California Teachers Pension Fund Moves To Divest From Guns, Firearms Companies
Add a Comment
The nation’s largest teacher pension fund took the first step Wednesday toward divesting from companies that make guns and high-capacity ammunition magazines that are illegal in California. (via Huffington Post)
aging, bilingual, breast cancer, early childhood education, education, firearms, flu, guns, language, Obama, public health, teacher pension, tooth decay | Categories:
Tuesday, August 21st, 2012
J&J to Remove Harsh Chemicals from Baby Products
Johnson & Johnson plans to remove potentially cancer-causing and other dangerous chemicals from nearly all its adult toiletries and cosmetic products worldwide within 3 1/2 years. (via MSNBC)
Early Anesthesia Tied to Language Problems in Kids
Babies and toddlers who went under anesthesia during surgery ended up having slightly worse scores on language and reasoning tests as 10-year-olds, in a new study. (via Reuters)
Chickenpox Down 80 Percent Since 2000
Signaling the retreat of a childhood rite of passage, the incidence of chickenpox in the United States fell by 80 percent from 2000 to 2010, the Centers for Disease Control and Prevention reported last week. (via New York Times)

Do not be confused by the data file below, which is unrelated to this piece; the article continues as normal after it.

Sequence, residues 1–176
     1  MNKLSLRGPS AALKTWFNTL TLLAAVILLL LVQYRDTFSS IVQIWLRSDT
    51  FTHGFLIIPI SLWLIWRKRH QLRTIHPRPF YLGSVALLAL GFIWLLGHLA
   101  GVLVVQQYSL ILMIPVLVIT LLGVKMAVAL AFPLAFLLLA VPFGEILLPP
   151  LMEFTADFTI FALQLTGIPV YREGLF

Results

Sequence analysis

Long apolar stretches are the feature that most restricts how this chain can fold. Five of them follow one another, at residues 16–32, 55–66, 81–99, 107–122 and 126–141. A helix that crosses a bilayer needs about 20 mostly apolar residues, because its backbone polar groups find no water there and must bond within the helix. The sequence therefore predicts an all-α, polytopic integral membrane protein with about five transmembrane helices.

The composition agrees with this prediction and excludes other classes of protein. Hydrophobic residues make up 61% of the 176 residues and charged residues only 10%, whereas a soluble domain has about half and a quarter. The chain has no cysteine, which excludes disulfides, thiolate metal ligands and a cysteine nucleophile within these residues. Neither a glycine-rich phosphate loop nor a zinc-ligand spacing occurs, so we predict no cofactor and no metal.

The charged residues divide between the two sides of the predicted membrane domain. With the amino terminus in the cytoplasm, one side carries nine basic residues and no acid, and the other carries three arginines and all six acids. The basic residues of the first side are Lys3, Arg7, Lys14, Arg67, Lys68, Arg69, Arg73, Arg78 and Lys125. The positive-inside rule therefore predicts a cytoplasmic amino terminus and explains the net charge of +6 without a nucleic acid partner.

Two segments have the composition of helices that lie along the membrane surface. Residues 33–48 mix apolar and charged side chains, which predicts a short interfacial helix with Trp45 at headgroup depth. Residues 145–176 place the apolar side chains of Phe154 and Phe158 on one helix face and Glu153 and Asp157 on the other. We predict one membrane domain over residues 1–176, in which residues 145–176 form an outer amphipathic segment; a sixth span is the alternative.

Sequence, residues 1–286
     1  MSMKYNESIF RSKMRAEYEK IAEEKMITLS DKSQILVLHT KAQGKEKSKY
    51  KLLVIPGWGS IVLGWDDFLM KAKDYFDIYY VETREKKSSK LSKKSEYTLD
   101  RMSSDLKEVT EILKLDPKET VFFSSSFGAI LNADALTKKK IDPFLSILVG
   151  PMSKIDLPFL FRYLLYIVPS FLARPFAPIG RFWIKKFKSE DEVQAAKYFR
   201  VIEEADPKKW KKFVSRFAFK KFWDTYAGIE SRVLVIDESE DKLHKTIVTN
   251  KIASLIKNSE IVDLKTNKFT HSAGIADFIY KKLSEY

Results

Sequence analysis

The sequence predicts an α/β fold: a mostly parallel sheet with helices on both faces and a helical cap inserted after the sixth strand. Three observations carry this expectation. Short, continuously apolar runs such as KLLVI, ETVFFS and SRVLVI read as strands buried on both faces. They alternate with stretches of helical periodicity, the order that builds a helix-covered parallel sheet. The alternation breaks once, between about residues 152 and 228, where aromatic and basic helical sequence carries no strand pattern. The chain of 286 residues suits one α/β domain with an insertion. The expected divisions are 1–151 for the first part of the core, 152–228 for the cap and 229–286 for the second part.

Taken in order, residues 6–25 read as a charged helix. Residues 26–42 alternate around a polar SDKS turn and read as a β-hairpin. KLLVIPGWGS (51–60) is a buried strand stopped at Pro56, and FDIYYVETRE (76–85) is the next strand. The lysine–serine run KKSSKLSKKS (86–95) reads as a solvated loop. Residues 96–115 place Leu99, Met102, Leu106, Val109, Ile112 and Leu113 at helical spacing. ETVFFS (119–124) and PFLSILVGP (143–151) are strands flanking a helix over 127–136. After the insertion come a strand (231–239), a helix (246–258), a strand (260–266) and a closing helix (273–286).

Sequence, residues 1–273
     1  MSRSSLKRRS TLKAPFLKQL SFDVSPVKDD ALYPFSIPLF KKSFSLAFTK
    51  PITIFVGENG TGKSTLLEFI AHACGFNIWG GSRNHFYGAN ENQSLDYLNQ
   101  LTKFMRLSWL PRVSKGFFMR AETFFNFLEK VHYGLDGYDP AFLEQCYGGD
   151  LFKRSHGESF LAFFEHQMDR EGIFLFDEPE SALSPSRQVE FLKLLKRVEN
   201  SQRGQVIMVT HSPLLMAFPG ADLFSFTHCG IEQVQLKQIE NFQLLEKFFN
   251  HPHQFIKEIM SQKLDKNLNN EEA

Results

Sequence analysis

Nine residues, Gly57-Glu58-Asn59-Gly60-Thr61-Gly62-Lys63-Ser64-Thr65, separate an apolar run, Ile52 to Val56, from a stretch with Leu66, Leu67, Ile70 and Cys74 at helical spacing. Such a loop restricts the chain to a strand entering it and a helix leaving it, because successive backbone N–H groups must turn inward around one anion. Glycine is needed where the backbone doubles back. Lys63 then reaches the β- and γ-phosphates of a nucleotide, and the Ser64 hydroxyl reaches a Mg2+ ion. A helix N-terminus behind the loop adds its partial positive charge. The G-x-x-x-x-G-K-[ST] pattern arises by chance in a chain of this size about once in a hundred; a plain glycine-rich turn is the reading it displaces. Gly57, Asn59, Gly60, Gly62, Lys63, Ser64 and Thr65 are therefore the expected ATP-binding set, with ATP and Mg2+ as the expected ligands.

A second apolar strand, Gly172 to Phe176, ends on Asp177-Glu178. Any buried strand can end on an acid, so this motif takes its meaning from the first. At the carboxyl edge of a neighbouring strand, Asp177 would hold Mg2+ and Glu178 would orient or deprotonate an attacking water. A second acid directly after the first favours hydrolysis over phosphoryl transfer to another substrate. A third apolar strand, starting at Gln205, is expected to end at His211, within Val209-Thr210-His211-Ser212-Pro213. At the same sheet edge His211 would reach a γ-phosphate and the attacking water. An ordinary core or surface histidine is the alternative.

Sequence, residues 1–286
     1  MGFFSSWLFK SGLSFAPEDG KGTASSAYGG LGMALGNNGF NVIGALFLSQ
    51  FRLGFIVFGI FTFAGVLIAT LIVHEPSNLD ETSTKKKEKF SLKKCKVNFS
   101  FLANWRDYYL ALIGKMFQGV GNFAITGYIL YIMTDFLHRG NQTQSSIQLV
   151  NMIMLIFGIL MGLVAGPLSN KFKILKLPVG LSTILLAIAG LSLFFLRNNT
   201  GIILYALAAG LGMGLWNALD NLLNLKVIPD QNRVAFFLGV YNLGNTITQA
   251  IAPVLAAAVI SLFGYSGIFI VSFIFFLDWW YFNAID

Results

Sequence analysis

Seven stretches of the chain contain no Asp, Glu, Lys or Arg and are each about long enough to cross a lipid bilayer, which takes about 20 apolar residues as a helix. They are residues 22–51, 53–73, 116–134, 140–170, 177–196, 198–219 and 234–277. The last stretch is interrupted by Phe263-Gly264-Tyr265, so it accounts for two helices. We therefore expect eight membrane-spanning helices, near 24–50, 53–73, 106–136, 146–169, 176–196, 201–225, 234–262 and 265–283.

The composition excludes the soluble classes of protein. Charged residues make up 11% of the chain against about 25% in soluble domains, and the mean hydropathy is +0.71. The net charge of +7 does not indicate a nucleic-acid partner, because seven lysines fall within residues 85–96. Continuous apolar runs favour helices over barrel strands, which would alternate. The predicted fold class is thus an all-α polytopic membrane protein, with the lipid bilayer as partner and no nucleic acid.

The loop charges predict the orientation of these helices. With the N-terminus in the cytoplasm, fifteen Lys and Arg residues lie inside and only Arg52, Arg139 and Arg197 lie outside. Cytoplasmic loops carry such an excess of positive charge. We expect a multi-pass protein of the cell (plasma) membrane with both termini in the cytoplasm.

As Circumcision Rates Drop, Costs Increase: Study
As gaps in insurance coverage lead to fewer male babies being circumcised in the United States, related health costs could end up increasing by millions of dollars every year, a new study suggests. (via Reuters)
Cramming May Hurt Kids’ Grades, Study Suggests
Add a Comment
High school students who choose to sacrifice their sleep to get extra studying time in may fare worse academically the next day compared with their well-rested peers, new research suggests. (via ABC)
anesthesia, baby products, chickenpox, circumcision, high school, johnson & johnson, language, language development, learning language, Noelia de la Cruz, Parents Daily News Roundup, students, studying | Categories:
Friday, August 3rd, 2012
Breast Cancer Charity Overstated Screening Benefits, Researchers Say
Researchers say Susan G. Komen for the Cure overstated the benefit mammograms have on survival rates of women with breast cancer. Komen’s messages stated 98 percent of women who get the screening tests survive at least five years, while 23 percent who do not get mammograms survive that long — a difference of 75 percentage points. (via NBC News)
New Pets May Help Autistic Kids Socially